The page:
Eagle played by Danny Lee on the other hand, is a man of righteous honour who faces much difficulties in carrying out his duty as a cop. Wonderfully display in an early scene, Eagle and partner Chang expresses their unhappiness over having to protect a VIP Tony Weng whom they consider a "scum".
Like every other John Woo picture, The Killer showcases some of the best shoot-outs I have ever seen.Beginning with the shoot-out in the night-club, director John Woo continue to fuse action with drama to perfection, right to the movie's final shoot-out at the church where Jeff and Eagle have to face an army of hired assassins in order to stay live.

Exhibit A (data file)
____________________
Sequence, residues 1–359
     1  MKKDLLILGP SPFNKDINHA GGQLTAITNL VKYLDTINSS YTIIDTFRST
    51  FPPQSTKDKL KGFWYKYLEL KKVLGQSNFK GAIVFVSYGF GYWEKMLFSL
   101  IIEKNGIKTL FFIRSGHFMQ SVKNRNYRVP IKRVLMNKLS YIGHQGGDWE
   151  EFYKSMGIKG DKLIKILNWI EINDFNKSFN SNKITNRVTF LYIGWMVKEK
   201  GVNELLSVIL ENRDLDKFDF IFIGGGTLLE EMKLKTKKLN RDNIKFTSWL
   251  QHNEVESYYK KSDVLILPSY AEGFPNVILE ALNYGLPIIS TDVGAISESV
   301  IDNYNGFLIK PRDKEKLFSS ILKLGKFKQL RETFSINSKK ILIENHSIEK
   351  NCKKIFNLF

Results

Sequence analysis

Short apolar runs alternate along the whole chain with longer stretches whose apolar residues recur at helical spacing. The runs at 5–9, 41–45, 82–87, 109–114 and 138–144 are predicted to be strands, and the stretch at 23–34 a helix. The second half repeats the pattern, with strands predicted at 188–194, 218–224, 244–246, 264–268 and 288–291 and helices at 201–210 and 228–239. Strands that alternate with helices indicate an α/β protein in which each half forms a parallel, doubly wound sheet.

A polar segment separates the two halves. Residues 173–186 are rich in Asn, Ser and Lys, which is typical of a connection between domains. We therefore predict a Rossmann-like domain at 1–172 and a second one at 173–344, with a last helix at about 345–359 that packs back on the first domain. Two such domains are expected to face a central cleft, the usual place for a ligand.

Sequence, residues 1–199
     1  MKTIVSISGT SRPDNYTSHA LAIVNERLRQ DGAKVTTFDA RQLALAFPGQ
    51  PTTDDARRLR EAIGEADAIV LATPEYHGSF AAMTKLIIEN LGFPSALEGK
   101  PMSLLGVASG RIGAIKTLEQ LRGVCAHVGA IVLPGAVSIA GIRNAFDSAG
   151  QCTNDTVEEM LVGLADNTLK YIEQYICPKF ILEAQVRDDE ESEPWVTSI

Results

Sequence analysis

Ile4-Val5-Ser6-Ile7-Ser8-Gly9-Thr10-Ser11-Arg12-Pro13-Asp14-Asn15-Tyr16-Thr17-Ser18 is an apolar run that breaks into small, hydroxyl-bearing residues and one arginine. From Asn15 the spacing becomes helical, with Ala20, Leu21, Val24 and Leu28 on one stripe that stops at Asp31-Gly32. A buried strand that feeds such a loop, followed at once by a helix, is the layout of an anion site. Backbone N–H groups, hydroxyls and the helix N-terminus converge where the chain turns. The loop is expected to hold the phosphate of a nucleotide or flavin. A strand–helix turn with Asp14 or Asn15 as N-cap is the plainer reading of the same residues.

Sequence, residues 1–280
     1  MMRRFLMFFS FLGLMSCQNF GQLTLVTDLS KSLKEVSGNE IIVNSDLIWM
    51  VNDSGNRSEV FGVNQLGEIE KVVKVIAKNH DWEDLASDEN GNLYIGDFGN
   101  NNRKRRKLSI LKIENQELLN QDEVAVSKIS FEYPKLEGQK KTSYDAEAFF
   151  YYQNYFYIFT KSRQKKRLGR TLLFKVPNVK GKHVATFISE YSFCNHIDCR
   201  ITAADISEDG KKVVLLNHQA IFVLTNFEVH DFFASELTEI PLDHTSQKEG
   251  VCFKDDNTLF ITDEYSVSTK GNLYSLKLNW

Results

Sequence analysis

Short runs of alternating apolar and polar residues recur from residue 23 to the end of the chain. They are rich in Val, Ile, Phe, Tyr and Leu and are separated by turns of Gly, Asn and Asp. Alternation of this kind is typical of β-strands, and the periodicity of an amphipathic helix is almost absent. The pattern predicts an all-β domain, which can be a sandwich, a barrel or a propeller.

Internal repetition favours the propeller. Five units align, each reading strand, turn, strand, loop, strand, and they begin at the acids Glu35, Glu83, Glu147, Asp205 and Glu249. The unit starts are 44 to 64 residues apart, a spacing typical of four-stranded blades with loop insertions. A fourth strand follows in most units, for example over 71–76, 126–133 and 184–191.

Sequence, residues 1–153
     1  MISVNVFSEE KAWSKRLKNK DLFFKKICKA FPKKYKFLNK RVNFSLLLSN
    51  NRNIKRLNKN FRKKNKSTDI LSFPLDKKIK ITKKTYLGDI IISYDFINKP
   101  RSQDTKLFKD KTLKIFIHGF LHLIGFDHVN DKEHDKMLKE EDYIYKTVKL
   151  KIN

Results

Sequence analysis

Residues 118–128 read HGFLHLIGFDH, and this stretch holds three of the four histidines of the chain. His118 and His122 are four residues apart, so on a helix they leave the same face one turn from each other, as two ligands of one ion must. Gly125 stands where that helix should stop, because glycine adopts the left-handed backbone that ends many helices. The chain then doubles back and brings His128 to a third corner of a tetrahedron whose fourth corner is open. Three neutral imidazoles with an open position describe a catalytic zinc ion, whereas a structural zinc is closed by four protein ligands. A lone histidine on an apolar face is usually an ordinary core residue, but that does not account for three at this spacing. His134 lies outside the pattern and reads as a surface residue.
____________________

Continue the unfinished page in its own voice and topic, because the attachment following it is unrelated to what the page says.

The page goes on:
Despite being John Woo best film to date, I did find a little flaw in The Killer: the villain. The villain, Johnny Wong lacks a real motif to kill Jeff. Think for a minute, why would an big-shot triad boss like him waste so much time and effort to rub off a killer like Jeff ?
Also the fact that the character was played by an actor with limited acting skills didn't help. A solid actor like Waise Lee who carried the role of Ah Shing wonderfully in A Better Tomorrow would have made the movie much better.
Anyhow, The Killer is one movie that deserves to be in every John Woo fan's collection.

[A Better Tomorrow] [A Better Tomorrow II] [Just Heroes] [Bullet In The Head] [Once A Thief] [Hard Boiled]
[Hard Target] [Broken Arrow] [Once A Thief TV Pilot] [Face/Off]
[The Replacement Killers] [Blackjack] [The Big Hit] [Mission Impossible 2]